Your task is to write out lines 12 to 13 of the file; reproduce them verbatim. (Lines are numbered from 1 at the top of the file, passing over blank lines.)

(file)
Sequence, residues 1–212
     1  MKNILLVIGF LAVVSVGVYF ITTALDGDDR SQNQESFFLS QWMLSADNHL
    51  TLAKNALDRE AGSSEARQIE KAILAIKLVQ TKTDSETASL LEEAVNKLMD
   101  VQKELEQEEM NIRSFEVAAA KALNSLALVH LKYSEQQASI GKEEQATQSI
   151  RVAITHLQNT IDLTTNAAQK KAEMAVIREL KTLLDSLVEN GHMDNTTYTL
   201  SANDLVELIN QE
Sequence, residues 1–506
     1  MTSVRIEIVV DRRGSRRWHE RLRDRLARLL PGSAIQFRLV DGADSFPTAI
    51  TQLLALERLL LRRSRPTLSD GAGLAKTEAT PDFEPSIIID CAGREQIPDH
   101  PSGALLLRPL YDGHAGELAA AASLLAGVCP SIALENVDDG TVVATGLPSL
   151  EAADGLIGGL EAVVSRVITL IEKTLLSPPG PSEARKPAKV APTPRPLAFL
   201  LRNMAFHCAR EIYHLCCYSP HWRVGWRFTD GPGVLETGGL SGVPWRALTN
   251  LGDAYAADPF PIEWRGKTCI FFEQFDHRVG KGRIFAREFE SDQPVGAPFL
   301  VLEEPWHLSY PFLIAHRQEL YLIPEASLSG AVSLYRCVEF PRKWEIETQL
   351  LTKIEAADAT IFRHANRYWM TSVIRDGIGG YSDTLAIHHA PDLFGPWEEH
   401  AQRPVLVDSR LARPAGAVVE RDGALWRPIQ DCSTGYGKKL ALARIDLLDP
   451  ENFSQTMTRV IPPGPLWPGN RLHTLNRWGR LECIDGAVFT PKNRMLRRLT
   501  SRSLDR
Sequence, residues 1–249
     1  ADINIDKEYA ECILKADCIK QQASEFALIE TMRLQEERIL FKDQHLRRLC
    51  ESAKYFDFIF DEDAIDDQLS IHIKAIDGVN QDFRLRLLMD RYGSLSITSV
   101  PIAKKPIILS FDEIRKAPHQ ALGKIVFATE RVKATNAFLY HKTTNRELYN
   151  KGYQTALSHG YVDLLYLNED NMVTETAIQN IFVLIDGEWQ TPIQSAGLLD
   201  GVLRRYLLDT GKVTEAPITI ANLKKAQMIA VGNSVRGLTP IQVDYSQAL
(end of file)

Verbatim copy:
   201  LRNMAFHCAR EIYHLCCYSP HWRVGWRFTD GPGVLETGGL SGVPWRALTN
   251  LGDAYAADPF PIEWRGKTCI FFEQFDHRVG KGRIFAREFE SDQPVGAPFL